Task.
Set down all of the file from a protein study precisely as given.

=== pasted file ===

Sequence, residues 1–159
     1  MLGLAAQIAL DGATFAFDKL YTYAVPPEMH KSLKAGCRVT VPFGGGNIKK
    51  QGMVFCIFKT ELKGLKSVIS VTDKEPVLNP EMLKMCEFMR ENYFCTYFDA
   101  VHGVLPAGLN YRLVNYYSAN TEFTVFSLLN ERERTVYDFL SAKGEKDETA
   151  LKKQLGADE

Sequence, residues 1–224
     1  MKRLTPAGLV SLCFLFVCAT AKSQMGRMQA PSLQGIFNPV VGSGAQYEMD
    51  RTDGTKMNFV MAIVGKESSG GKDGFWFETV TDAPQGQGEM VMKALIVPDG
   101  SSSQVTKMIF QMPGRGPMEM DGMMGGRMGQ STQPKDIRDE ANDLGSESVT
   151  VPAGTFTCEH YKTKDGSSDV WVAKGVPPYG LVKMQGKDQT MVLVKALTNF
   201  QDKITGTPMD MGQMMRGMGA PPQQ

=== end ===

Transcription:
Sequence, residues 1–159
     1  MLGLAAQIAL DGATFAFDKL YTYAVPPEMH KSLKAGCRVT VPFGGGNIKK
    51  QGMVFCIFKT ELKGLKSVIS VTDKEPVLNP EMLKMCEFMR ENYFCTYFDA
   101  VHGVLPAGLN YRLVNYYSAN TEFTVFSLLN ERERTVYDFL SAKGEKDETA
   151  LKKQLGADE

Sequence, residues 1–224
     1  MKRLTPAGLV SLCFLFVCAT AKSQMGRMQA PSLQGIFNPV VGSGAQYEMD
    51  RTDGTKMNFV MAIVGKESSG GKDGFWFETV TDAPQGQGEM VMKALIVPDG
   101  SSSQVTKMIF QMPGRGPMEM DGMMGGRMGQ STQPKDIRDE ANDLGSESVT
   151  VPAGTFTCEH YKTKDGSSDV WVAKGVPPYG LVKMQGKDQT MVLVKALTNF
   201  QDKITGTPMD MGQMMRGMGA PPQQ